Between the Beagle and the barnacle: Darwin’s microscopy, 1837–1854

Abstract
The discovery of a small collection of Darwin manuscripts at the Whipple Museum of the History of Science has allowed a reconsideration of Darwin’s interest in and knowledge of microscopy. Concentrating on the years between his return from the Beagle voyage and the publication of the major taxonomic work on barnacles, this paper recovers a number of important aspects of Darwin’s intellectual and practical development: on returning from the Beagle voyage he acquainted himself with the work of C. G. Ehrenberg, and this informed both his private and public work; then through the 1840s Darwin transformed himself from a fascinated observer and consumer of others’ work into an expert on microscopy. I characterise this move as a piece of clever manoeuvring, and discuss more generally the kind of scientist—gentlemanly and expert—that Darwin was attempting to become.Keywords: Charles Darwin; Microscopy; Beagle voyage; Classification; Accuracy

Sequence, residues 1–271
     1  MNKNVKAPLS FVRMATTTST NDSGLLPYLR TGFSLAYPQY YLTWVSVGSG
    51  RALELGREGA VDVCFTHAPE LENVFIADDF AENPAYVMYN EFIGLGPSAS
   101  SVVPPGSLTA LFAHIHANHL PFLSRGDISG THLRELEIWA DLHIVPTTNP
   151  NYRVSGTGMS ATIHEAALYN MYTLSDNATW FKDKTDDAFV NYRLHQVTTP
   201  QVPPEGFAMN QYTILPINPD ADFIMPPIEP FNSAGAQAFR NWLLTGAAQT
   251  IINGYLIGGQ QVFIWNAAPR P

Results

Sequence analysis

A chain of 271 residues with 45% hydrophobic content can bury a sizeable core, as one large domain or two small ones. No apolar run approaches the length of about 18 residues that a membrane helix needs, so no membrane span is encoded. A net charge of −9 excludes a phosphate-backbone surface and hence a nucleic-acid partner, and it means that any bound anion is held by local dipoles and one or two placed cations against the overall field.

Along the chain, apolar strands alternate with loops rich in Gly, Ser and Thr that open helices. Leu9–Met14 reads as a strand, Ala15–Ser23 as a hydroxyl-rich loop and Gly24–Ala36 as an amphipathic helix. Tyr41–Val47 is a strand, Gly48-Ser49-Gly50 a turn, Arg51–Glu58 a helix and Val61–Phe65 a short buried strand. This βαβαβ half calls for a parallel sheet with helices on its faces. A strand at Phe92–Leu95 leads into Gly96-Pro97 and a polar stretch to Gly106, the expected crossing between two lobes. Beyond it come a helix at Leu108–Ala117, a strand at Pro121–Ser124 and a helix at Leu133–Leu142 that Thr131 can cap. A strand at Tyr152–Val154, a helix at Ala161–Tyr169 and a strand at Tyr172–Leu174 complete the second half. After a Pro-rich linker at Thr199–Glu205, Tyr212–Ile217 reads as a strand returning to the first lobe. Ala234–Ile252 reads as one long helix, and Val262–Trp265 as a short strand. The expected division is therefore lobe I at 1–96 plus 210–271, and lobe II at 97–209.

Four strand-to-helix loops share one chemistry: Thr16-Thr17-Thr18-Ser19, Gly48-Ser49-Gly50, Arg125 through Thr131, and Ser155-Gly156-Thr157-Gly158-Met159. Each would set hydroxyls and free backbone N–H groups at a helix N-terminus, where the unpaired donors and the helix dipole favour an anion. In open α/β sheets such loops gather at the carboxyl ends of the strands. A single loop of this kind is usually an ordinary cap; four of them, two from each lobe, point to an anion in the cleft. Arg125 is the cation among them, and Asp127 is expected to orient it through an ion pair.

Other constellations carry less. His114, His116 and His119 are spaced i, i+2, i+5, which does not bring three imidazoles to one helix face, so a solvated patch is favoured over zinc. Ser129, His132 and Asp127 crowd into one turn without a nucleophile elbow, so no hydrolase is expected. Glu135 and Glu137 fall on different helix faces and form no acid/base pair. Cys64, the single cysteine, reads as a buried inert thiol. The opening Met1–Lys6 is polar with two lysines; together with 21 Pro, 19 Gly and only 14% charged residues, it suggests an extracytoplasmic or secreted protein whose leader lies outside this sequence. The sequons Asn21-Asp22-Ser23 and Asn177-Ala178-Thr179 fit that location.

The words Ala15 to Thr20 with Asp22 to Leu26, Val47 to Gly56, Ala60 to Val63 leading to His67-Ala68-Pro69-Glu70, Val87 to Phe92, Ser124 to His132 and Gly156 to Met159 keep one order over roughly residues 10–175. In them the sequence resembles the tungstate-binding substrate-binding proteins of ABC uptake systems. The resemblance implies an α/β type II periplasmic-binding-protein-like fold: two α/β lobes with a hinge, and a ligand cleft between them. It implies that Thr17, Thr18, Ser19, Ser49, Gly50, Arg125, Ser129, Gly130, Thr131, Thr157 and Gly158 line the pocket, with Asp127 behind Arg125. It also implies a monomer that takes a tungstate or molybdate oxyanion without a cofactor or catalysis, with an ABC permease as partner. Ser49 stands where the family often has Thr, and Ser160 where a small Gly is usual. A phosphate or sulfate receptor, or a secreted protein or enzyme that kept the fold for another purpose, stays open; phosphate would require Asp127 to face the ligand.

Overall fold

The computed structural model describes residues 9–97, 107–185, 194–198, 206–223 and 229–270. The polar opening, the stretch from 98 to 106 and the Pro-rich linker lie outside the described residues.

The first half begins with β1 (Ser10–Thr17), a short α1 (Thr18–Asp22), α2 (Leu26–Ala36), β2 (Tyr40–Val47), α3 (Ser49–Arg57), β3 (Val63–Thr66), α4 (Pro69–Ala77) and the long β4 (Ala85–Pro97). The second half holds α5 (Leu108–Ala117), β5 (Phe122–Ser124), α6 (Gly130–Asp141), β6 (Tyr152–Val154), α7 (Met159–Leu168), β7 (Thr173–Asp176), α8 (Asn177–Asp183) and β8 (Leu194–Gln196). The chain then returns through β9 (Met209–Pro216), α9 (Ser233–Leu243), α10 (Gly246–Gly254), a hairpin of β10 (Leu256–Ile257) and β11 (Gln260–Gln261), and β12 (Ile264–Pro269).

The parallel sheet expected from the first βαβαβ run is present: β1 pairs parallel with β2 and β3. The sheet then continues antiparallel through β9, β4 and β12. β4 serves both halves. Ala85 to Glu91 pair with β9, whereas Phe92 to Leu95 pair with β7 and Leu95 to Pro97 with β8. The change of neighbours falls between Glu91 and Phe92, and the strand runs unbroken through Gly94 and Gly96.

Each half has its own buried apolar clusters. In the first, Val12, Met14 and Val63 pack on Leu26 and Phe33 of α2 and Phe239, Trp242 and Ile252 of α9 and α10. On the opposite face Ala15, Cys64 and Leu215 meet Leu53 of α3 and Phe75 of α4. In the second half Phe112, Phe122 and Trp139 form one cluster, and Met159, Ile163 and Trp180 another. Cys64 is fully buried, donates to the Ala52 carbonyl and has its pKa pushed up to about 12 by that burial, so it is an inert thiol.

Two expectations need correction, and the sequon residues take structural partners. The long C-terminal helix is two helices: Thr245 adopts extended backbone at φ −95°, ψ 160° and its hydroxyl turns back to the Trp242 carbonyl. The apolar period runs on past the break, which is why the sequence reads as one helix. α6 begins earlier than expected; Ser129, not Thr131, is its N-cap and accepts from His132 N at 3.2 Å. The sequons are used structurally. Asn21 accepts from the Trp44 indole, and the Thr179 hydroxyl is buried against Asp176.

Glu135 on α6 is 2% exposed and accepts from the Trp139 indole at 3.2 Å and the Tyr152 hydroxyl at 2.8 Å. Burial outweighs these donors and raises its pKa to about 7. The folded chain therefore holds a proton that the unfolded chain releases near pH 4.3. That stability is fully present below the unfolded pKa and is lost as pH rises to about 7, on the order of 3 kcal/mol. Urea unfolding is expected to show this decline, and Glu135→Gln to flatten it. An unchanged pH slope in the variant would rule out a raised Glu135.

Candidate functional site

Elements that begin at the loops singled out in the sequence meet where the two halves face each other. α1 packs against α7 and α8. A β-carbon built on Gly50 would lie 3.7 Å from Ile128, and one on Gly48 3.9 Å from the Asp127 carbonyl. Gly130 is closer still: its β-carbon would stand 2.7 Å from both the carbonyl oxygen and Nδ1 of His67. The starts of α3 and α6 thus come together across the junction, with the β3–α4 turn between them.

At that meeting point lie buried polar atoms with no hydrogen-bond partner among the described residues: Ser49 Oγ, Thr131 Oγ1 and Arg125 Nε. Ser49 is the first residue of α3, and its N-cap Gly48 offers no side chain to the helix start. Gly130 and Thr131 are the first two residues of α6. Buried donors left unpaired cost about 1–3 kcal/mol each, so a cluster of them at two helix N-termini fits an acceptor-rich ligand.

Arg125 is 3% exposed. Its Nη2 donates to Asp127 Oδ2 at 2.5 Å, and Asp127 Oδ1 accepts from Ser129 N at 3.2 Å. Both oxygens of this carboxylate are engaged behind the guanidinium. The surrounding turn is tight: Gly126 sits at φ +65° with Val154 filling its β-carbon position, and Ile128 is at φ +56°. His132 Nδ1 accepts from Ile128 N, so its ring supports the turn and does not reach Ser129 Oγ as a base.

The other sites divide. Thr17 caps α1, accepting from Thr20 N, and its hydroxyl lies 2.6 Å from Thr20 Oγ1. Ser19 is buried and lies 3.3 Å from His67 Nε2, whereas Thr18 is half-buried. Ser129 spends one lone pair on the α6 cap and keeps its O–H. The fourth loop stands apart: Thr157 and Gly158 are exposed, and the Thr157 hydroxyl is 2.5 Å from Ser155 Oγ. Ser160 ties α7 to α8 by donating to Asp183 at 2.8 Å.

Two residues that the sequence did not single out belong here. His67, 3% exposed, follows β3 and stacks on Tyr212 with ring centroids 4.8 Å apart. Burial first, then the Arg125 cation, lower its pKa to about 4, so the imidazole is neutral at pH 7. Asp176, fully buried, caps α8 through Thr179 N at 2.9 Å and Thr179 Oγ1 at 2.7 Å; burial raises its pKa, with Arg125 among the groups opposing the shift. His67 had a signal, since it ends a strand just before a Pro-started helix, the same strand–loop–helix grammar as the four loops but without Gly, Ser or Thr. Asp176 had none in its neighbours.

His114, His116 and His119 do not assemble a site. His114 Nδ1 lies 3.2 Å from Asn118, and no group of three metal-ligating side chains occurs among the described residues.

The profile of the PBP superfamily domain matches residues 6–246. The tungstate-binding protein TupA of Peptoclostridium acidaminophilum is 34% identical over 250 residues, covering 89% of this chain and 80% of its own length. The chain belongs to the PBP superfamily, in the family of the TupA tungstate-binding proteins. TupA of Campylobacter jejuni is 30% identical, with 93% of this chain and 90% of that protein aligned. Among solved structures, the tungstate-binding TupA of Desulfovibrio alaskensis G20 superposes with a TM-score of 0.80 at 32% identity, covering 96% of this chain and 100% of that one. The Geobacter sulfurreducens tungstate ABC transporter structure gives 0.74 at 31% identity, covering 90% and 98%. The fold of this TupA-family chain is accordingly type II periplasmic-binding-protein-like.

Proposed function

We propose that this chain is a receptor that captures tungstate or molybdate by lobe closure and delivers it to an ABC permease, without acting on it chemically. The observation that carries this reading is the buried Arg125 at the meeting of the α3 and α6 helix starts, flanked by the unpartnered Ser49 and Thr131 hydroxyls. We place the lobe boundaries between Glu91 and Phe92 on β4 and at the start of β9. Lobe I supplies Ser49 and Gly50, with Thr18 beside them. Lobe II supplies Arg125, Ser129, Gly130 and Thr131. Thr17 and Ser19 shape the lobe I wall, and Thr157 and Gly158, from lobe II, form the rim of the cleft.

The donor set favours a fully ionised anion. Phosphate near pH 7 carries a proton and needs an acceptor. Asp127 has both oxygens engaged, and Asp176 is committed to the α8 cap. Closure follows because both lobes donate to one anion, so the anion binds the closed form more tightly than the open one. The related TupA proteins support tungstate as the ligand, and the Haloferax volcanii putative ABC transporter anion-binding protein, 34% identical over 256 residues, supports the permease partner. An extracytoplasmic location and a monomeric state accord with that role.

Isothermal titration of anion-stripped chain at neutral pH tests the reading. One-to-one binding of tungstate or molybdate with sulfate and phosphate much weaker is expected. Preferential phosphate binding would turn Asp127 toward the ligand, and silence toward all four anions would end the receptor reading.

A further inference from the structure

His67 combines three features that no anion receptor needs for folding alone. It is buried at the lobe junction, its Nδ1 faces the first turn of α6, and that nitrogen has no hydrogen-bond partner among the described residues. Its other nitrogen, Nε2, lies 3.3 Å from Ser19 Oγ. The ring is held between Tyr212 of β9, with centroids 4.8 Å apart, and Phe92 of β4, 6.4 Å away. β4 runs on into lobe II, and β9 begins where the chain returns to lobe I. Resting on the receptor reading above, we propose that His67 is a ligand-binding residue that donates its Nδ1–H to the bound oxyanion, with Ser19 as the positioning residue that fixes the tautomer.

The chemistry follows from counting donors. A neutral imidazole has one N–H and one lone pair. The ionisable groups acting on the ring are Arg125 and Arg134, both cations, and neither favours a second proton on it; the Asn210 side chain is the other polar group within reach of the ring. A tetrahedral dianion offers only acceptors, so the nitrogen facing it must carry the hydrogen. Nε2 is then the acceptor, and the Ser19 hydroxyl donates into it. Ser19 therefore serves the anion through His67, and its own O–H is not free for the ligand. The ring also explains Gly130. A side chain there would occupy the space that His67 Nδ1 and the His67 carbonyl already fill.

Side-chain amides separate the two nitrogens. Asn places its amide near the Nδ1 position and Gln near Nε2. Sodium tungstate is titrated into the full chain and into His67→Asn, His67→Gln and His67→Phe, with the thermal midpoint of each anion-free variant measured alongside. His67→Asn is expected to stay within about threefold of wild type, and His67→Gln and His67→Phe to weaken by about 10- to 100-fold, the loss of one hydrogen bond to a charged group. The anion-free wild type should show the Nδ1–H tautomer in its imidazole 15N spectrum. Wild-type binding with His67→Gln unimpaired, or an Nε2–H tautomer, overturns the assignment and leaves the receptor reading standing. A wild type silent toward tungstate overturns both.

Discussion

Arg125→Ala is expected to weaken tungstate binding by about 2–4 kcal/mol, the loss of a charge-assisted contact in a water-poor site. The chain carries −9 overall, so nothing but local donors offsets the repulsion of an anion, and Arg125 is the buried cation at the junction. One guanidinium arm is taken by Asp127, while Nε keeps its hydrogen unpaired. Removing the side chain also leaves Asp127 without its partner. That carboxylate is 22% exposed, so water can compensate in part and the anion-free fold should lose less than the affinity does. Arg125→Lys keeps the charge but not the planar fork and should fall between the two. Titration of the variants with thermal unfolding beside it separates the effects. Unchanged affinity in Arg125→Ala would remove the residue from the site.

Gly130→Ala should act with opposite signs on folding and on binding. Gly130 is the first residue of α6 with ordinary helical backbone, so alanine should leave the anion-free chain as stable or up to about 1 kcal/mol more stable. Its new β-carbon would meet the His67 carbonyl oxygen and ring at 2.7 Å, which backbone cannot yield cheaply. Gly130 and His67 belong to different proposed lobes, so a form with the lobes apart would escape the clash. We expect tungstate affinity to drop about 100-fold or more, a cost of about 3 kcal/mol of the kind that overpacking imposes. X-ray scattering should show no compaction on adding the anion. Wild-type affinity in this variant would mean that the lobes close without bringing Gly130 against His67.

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DOI 10.1016/j.shpsa.2009.10.007
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Is the Theory of Natural Selection Independent of its History.Gregory Radick - 2003 - In J. Hodges & Gregory Radick (eds.), The Cambridge Companion to Darwin. Cambridge University Press. pp. 143--167.
Joseph Dalton Hooker's Ideals for a Professional Man of Science.Richard Bellon - 2001 - Journal of the History of Biology 34 (1):51 - 82.

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